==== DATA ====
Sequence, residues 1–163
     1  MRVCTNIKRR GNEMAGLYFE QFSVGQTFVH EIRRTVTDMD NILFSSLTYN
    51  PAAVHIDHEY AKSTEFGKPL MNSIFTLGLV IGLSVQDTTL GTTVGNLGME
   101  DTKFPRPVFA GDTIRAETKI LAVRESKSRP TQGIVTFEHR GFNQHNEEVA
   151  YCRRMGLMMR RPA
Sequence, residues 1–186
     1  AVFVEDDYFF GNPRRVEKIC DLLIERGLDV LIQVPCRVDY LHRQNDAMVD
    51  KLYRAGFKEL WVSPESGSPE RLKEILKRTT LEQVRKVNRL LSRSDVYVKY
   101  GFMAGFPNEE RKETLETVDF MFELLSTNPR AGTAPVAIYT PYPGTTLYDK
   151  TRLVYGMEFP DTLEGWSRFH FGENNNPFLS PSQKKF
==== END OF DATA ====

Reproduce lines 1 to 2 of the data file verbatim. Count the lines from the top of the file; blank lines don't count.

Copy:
Sequence, residues 1–163
     1  MRVCTNIKRR GNEMAGLYFE QFSVGQTFVH EIRRTVTDMD NILFSSLTYN